Indigo Books & Music is celebrating its 25th anniversary this year with a special collection of 28 limited-edition books published in September featuring important titles from the past quarter century. The collection includes CanLit classics such as Margaret Atwood’s The Handmaid’s TaleLawrence Hill nigger bookThomas Kings annoying indianAlice Munro The lives of girls and womenand Michael Ondaatje English patient; National non-fiction favorites, such as Chris Hadfield An Astronaut’s Guide to Life on Earth And the Ur: my story by Bobby Orr; And a selection of contemporary songs like Anthony Doerr All the light you can’t seeRuby Kor milk and honeyTara and Westover learner. All cartoon bound books feature the Library’s trademark blue wraparound sheets with covers created by emerging Canadian artists.
“Nineteen are Canadian books, fifteen are fiction, and the other half are by BIPOC,” says Rania Al Husseini, Senior Vice President of Print Books at Indigo. Husseini, like many Toronto residents, is foreign-born. Originally from Palestine, she immigrated to Canada when she was 16 and eventually joined Indigo, working her way through chain stores Coles, Chapters and Indigo into her position today. The experience of being a young immigrant working in bookshops informs her purchasing philosophy. “When I first walked into a bookstore, I didn’t find myself represented in the books,” she says. “Now, I want to raise underrepresented voices — whether they are Indigenous, Black, Asian, BIPOC, or LGBTQ — so that everyone who comes into one of our stores from any community sees themselves in the books on the shelves.”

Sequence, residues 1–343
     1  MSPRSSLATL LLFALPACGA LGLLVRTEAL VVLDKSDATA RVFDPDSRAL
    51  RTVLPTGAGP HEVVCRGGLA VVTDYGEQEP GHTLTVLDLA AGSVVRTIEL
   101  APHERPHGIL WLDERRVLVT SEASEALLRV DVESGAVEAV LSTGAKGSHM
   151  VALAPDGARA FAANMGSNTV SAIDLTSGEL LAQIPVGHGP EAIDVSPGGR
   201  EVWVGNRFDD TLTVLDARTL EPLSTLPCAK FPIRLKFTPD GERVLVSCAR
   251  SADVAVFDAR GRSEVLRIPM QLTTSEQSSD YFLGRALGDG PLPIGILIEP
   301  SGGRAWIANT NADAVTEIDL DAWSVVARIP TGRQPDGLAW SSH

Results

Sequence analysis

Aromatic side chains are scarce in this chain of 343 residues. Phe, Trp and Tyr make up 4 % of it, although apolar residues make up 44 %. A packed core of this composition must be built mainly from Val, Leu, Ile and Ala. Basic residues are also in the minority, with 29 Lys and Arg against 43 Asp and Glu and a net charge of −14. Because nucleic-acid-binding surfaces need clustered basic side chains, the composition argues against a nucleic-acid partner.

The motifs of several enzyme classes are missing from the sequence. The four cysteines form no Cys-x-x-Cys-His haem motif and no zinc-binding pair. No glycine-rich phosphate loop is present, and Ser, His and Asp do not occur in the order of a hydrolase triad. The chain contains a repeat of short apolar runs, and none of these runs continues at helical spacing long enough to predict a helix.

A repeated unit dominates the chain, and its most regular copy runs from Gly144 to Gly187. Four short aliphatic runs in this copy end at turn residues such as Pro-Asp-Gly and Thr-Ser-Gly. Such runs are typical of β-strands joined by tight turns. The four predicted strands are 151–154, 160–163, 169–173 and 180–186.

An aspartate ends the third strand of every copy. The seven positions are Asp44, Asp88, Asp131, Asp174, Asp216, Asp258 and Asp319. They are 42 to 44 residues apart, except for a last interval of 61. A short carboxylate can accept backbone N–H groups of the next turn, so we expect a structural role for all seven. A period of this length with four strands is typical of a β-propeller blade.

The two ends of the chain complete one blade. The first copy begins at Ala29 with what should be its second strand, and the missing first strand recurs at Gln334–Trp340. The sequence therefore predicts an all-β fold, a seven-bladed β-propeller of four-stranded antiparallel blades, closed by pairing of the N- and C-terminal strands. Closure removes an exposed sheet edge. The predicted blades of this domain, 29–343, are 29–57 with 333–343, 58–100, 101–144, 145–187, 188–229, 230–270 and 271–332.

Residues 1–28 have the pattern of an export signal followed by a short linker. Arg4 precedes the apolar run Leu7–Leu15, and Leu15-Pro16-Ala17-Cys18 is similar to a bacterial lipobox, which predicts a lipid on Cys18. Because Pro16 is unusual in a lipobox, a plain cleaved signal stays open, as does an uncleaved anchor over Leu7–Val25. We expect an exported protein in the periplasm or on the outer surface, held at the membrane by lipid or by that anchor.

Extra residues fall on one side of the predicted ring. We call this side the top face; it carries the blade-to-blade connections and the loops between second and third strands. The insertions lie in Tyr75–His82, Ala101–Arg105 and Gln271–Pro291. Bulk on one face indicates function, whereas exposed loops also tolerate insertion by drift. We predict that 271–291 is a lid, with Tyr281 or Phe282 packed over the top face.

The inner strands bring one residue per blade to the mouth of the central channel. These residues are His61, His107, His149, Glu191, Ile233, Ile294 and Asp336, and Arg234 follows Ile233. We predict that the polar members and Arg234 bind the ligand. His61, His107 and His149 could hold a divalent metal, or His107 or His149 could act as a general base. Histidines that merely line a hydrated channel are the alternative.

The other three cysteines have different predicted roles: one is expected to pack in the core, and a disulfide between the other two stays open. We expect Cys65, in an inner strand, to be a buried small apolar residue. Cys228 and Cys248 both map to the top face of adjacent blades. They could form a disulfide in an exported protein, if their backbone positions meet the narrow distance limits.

In an additional effort to make the Indigo shopping experience more comprehensive, the books should also be purchasable. For this reason, all Anniversary Editions are priced at C$28, which is a relatively low price for a hardcover in Canada today. “With the prices of some cardboard-bound books now going up to C$50 due to inflation, we feel that the C$28 price tag provides customers with great value,” says Al-Hussaini. The print run will be 4,000 to 6,000 copies, and a total of 115,000 units of limited editions will hit shelves. “When they leave, they leave,” she adds.